AAP staff report
WASHINGTON (July 20, 2011) — U.S. Secretary of State Hillary Rodham Clinton completed an official visit to India this week, moving on to Indonesia Thursday to talk about security and related agreements with the two nations.
Secretary Clinton and India’s Secretary Clinton and India’s Minister of External Affairs Shri S.M. Krishna held a U.S.-India Strategic Dialogue on Tuesday in New Delhi, India.
“I have been looking forward to this visit — not only for the chance to spend time in India, a nation for which I have a great deal of personal affection — but also to continue the important work we are doing together in this Strategic Dialogue,” said Clinton.
Clinton paused to express her sympathy and outrage over the terrorist attack in Mumbai last week, saying the United States condemns this attack in the strongest possible terms, and pledged support to the Indian government in protecting its cities and citizens from future harm.
“We are allies in the fight against violent extremist networks,” said Clinton. “And homeland security is a high priority and a source of increasing partnership.”
It was the second annual meeting with the leaders recognizing the achievements made since the inaugural Strategic Dialogue in June 2010. The agreement was outlined following President Obama’s historic visit to India in November 2010. It was designed to advanced the two countries’ shared interests.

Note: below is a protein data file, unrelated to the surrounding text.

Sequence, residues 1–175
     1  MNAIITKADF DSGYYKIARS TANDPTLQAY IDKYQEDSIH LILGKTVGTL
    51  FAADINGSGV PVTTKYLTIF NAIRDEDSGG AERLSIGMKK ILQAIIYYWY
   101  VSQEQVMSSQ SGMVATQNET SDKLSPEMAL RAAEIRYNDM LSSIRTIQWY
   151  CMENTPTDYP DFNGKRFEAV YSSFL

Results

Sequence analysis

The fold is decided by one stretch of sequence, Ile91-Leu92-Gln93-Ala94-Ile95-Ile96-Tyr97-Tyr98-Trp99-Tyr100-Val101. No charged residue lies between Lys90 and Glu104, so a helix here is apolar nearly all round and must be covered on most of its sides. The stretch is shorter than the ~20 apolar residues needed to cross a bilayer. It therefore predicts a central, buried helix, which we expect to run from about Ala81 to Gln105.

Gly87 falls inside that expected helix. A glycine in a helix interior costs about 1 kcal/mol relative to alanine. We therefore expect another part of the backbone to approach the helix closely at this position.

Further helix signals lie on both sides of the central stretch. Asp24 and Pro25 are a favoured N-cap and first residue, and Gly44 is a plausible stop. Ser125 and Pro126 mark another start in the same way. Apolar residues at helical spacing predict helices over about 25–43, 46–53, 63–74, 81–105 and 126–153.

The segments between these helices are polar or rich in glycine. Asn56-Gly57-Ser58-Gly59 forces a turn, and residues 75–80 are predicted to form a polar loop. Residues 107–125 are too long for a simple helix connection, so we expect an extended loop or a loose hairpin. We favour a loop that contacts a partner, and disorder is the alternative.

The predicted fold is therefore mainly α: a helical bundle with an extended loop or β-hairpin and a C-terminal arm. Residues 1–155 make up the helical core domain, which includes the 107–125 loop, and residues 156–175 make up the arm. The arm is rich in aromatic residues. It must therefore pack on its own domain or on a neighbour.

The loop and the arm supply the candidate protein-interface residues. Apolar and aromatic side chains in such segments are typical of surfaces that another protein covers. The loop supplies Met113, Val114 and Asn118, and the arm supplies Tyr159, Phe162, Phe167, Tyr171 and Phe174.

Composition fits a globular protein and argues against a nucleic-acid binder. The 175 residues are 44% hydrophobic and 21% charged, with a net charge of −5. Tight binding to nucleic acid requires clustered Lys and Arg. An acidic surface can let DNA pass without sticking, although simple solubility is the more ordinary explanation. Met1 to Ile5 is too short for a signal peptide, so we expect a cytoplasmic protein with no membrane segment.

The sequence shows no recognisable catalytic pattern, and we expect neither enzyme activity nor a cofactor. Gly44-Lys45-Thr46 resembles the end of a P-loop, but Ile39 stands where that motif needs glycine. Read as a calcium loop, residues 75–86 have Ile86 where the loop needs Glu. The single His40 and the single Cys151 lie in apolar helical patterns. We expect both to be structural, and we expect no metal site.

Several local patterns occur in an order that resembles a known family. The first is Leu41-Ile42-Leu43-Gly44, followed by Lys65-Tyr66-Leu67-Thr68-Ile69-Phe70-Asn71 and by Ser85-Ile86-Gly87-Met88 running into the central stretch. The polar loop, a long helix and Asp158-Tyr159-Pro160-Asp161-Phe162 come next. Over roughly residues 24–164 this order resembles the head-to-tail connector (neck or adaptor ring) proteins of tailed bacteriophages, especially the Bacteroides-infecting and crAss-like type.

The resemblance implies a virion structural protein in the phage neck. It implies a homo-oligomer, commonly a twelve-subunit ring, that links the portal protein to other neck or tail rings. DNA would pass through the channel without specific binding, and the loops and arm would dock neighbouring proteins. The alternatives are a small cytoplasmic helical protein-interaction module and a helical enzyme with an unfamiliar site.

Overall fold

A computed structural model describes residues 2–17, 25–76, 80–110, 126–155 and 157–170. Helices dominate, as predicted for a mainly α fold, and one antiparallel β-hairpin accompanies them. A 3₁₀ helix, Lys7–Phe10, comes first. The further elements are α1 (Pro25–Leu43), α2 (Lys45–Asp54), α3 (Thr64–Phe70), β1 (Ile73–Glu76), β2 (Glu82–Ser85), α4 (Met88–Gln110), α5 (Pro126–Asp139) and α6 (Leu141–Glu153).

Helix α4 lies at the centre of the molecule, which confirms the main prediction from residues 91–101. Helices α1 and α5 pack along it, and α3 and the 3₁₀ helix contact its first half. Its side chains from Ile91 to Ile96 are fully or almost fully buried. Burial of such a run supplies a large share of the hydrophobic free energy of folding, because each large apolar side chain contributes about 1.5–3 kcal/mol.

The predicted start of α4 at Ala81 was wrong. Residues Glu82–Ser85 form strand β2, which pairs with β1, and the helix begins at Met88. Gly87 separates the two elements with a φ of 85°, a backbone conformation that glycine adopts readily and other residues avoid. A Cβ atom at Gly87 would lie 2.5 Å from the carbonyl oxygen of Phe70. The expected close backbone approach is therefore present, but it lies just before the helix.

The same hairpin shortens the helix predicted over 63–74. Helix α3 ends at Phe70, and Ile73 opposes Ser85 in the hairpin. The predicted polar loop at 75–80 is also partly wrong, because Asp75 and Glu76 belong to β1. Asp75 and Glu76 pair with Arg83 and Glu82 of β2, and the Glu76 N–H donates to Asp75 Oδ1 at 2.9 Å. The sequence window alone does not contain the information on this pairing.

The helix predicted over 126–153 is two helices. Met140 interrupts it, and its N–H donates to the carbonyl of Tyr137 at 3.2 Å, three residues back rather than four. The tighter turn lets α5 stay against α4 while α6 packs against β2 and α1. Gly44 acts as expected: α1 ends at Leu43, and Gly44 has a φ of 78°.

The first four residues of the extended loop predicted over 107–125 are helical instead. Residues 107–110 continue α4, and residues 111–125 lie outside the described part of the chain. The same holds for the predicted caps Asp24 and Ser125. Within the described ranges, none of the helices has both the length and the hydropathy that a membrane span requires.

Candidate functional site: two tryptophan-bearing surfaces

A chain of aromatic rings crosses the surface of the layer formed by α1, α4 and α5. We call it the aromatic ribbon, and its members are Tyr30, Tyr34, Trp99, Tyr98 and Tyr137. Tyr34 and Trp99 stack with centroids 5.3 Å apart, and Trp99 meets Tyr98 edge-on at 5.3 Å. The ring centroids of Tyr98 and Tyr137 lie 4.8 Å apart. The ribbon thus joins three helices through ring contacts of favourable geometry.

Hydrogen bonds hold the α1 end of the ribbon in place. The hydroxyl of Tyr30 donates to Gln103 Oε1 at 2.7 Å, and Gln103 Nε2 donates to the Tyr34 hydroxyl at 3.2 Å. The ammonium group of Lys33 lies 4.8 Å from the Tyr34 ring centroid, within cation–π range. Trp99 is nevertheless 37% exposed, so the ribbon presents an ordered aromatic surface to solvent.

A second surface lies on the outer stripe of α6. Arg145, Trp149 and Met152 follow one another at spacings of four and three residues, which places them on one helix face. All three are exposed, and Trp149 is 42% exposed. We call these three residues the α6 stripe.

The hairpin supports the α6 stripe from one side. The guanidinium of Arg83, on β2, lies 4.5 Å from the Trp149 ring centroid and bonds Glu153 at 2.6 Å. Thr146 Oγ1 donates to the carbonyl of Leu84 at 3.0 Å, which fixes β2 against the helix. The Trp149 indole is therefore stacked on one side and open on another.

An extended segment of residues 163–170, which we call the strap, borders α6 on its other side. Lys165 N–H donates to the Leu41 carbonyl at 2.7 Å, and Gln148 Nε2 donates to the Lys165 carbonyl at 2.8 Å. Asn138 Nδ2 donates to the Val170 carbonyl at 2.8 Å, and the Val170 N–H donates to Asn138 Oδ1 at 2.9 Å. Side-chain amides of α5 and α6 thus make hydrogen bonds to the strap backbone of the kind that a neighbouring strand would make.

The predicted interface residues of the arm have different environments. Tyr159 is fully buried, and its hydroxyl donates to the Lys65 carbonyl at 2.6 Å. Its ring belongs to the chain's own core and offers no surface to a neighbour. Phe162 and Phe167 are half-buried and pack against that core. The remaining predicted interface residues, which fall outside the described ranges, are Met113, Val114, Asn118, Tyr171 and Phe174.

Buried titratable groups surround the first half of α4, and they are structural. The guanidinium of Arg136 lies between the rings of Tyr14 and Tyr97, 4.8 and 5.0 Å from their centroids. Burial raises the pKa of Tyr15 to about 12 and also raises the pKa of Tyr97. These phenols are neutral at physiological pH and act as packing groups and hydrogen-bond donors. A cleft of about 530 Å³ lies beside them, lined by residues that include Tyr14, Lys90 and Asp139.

As a testament to the relationship’s extraordinary breadth and depth, Secretary Clinton was accompanied by Director of National Intelligence James Clapper, the President’s Advisor for Science and Technology Dr. John P. Holdren, Department of Energy Deputy Secretary Daniel Poneman, Department of Homeland Security Deputy Secretary Jane Holl Lute, and other senior U.S. government officials.
Minister Krishna was joined by Deputy Chairman of Planning Commission Montek Singh Ahluwalia, Prime Minister’s Public Information Infrastructure and Innovation Advisor Sam Pitroda, Foreign Secretary Nirupama Rao, and other senior officials.
Minister Krishna was also joined at the working lunch by Home Minister P. Chidambaram and Minister for Human Resource Development and Information Technology Kapil Sibal.
As part of Secretary Clinton’s visit to India, she met with Prime Minister Dr. Manmohan Singh, Chairperson of the United Progressive Alliance Sonia Gandhi, Finance Minister Pranab Mukherjee, Leader of the Opposition in the Lok Sabha Sushma Swaraj, and National Security Advisor Shivshankar Menon.
Secretary Clinton offered her prayers and sympathies to the victims of the despicable attacks in Mumbai on July 13. The American people stand with the Indian people in times of trial, and offer support to India’s efforts to bring the perpetrators of these terrible crimes to justice. Minister Krishna welcomed the expressions of support from the Secretary, the President, and the U.S. Congress. The two leaders resolved to strengthen cooperation between their governments to fight against terrorism.
Since the inaugural Strategic Dialogue in 2010, the U.S.-India partnership has resulted in advances in nearly every area of human endeavor. The two sides have expanded their strategic consultations to cover all major issues and regions of the world. They have increased counterterrorism cooperation, intelligence sharing, and law enforcement exchanges. They have continued to expand their defense cooperation.
They have expanded their growing partnership on export controls and non-proliferation. They have witnessed an expansion of the already robust people-to-people ties; scientific, space, and technology collaboration; clean energy cooperation; and connections among entrepreneurs and social innovators.